The United States needs to recognize the diversity of Islamic movements in the Middle East, cognizant of the dangerous reactionary currents within some movements yet fully aware that hostility toward the West is not inherent within Islamic politics. Americans need to learn more about Islam and challenge the popular misconceptions that have tainted attitudes and policies in the past. Encouraging political pluralism in Islamic countries, supporting the Palestinians' right to statehood, and supporting economic policies that result in sustainable and broad-based development will go a long way in limiting the appeal of both religious and secular anti-American extremists.

Terrorism should be challenged through effective intelligence and preventative measures, utilizing--whenever possible--international agencies and area governments. The U.S. must end its policy of utilizing air strikes to fight terrorism, since such military force usually results in civilian casualties and perpetuates the cycle of violence and retaliation. In addition, the United States cannot be a leader in the fight against terrorism until it ends its support of government and irregular forces that attack civilians and renounces attacks against civilians by its own armed forces.

The United States must stop encouraging large-scale arms transfers to the region. All arms transfers must be made conditional on a government's respect of internationally recognized human rights, political pluralism, compliance with United Nations Security Council resolutions and withdrawal from militarily-occupied territories outside their internationally-recognized borders. The U.S. should support the creation of a regional security regime in the Gulf, which would lead to arms control and confidence-building measures as well as assist in the creation of a broader security regime for the entire region comparable to the Organization for Security and Cooperation in Europe, as has been proposed by Jordan and other Middle Eastern states.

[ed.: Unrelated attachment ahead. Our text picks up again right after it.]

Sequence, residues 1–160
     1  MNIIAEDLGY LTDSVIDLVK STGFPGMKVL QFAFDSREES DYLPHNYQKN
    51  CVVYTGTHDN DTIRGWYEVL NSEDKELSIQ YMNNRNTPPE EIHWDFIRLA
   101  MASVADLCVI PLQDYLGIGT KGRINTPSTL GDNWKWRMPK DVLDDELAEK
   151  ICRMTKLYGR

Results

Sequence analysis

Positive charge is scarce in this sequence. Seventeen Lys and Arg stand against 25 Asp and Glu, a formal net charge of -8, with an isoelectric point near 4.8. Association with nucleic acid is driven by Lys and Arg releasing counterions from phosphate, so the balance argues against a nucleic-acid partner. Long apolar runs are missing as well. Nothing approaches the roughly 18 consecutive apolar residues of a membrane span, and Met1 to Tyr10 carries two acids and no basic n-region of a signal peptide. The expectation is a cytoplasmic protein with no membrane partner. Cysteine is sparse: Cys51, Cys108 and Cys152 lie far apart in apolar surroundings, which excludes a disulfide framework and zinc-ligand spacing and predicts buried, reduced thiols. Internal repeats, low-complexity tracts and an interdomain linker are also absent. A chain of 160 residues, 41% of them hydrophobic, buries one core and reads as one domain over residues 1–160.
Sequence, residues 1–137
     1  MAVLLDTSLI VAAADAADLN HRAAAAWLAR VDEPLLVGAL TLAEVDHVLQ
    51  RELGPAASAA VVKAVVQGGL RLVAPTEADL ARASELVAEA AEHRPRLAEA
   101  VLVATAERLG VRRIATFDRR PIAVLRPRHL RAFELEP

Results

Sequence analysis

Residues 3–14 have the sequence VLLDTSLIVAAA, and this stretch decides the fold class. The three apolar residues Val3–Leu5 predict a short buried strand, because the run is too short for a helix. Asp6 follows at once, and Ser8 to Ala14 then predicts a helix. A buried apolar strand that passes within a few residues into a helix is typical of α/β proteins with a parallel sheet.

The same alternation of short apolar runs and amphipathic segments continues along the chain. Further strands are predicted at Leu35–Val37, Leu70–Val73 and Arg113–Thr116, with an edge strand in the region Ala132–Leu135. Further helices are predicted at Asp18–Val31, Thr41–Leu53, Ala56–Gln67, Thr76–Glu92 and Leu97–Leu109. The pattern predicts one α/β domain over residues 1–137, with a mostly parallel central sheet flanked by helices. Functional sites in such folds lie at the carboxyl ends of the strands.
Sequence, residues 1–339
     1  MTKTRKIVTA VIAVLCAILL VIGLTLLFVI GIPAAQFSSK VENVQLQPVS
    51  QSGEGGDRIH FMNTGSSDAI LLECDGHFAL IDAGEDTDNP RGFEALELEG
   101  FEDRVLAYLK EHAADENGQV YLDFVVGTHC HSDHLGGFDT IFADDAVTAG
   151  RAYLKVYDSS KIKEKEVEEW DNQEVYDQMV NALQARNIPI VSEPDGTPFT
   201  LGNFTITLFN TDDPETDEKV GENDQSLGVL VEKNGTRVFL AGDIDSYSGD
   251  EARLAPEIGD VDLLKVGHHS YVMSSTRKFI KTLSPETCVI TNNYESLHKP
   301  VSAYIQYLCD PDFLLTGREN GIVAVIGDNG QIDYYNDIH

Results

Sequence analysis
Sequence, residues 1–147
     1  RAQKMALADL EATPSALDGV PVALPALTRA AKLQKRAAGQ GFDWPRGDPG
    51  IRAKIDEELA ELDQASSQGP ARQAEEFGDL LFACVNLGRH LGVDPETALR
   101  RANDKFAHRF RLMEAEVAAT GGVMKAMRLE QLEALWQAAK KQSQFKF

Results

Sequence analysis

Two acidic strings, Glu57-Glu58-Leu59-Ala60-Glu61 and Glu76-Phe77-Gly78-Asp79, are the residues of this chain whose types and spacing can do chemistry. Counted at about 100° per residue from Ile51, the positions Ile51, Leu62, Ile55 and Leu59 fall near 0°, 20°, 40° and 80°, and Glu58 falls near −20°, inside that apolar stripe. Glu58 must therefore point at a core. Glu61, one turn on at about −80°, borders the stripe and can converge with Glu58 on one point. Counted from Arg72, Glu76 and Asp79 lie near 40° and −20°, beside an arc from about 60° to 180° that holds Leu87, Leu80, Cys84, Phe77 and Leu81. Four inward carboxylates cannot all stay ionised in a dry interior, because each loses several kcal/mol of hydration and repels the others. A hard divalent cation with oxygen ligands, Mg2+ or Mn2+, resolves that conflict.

Foreign aid should be directed toward poorer countries and in support of grassroots development initiatives and away from military aid and support for wealthier countries and corrupt and autocratic governments.

The United States should lessen its dependence on Middle Eastern sources of oil through conservation and conversion to safe, renewable forms of energy. This could be done at just a fraction of the cost to maintain the large U.S. military presence in the Gulf designed to protect oil supplies.

The U.S. must recognize that Israeli security and Palestinian rights are not mutually exclusive, but mutually dependent on each other. The U.S. government should end its opposition to Palestinian statehood alongside Israel. The U.S. should maintain its moral and strategic commitment to Israel to ensure its survival and its legitimate interests, but also be willing to apply pressure--some "tough love"--whenever the Israeli government refuses to make the necessary compromises for peace, which requires withdrawal from the occupied territories, sharing Jerusalem, and allowing the return of refugees.

An Associate Professor at the University of San Francisco, Stephen Zunes is an expert on Middle Eastern history and politics.